Monday, November 19, 2007

Tape is dead

Reviews of the latest HD video cameras confirm te fact that tape is dead, the JVC GZ-HD7 takes the now typical route of using a hard drive. Meanwhile Sony and Panasonic have introduced the AVCHD standard which makes use of the more efficient H.264 codec which would allow recording of HD to tape but cameras like the SD1 actually use SD flash memory instead.

Its hard to see how tape can compete at this point. Flash memory is cheap and getting cheaper. The higher media cost is more than set off by the increased convenience. The tape is pretty much a transfer medium rather than a storage medium in any case. A DV tape stores 10Gb and costs about $3 in Costco. A 250 Gb portable hard drive costs $140. Thats 56 cents a gig versus 30 cents. And a 250 Gb portable drive is a whole heap easier to carry about.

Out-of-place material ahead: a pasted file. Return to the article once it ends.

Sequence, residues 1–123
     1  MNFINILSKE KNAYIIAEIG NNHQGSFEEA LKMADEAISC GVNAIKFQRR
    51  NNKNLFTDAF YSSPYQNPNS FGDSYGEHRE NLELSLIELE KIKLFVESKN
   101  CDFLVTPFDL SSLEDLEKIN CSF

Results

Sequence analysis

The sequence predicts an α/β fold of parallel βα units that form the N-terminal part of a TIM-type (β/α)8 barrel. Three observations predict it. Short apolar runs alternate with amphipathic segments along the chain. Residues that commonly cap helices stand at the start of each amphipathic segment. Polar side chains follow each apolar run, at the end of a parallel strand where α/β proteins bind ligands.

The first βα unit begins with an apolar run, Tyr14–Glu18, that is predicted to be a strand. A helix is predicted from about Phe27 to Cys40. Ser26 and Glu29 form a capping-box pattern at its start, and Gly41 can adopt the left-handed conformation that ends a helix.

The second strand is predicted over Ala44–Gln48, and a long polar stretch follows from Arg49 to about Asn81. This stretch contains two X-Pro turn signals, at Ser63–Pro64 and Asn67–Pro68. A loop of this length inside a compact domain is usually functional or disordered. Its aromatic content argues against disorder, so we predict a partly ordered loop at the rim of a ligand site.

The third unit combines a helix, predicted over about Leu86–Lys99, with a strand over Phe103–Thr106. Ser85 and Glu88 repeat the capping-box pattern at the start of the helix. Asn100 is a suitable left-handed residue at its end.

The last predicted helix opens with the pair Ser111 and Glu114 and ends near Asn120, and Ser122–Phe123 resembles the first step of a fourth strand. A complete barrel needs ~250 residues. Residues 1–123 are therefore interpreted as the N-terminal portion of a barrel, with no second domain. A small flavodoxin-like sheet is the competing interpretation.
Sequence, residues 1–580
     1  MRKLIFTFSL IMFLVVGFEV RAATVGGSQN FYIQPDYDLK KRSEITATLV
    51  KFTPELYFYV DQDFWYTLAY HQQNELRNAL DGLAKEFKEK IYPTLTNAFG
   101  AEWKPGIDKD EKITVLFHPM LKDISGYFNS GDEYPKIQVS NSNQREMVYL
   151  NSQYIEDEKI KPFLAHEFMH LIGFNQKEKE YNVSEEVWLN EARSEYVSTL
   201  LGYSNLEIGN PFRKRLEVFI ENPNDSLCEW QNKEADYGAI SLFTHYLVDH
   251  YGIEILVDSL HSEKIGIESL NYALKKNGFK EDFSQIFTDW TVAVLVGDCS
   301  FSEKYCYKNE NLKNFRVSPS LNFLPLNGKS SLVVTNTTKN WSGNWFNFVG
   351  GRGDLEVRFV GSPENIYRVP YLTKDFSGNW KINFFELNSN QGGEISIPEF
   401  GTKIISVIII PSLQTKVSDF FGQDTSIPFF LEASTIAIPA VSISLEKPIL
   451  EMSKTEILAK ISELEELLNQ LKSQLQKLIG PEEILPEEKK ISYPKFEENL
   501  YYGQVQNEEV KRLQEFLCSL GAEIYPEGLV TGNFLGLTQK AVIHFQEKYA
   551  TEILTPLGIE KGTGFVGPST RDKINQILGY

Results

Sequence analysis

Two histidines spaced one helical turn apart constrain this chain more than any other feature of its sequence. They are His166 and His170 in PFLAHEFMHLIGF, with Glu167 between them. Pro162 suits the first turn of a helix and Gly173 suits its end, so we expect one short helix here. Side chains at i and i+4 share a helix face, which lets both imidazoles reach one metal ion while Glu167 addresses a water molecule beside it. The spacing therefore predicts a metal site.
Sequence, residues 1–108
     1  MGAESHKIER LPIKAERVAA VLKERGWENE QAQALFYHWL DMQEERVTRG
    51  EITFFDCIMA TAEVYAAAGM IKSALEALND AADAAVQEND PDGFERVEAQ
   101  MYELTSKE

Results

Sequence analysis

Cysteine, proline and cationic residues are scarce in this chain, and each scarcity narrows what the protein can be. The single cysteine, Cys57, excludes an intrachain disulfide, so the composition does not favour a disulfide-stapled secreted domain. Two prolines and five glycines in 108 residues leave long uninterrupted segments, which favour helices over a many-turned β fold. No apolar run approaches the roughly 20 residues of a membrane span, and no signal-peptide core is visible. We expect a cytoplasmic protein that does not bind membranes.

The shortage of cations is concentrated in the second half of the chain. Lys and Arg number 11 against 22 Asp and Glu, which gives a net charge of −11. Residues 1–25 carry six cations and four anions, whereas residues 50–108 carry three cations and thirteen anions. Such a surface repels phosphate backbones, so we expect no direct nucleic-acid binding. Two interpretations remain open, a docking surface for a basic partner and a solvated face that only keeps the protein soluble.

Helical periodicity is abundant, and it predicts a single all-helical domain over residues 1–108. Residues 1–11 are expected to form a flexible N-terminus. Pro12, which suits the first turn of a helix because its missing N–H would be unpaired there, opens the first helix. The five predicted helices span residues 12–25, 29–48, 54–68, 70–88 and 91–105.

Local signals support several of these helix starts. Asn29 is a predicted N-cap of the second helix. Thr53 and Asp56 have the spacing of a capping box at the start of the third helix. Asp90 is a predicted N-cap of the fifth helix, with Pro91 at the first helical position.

As disk drive manufacturers continue to try to climb the value chain they will produce mass battery powered portable media stores for backing up memory chips in the field. At the moment these are a niche gadget for serious professionals. Within a short time they will be mainstream.

All of which means that keping track of which bits have been recorded and where they are stored is going to become more and more of a challenge. I think that we are going to see more manufacturers recognizing the value of recording GPS tracking data on cameras. But who wants to bulk up their camera with a GPS chip even if its useful?

Better solution by far would be to have a reliable and robust means for linking your cell phone / GPS unit to your camera. I know that phones have cameras too these days but there is no way that a phone format camera can compete for quality with a purpose designed DSLR. Whatever technology you put in the compact phone form factor can work better in a dedicated form factor, even if the laws of physics and diffraction did not limit what a phone camera can do in any case.

So it all comes down to integration as the key issue.

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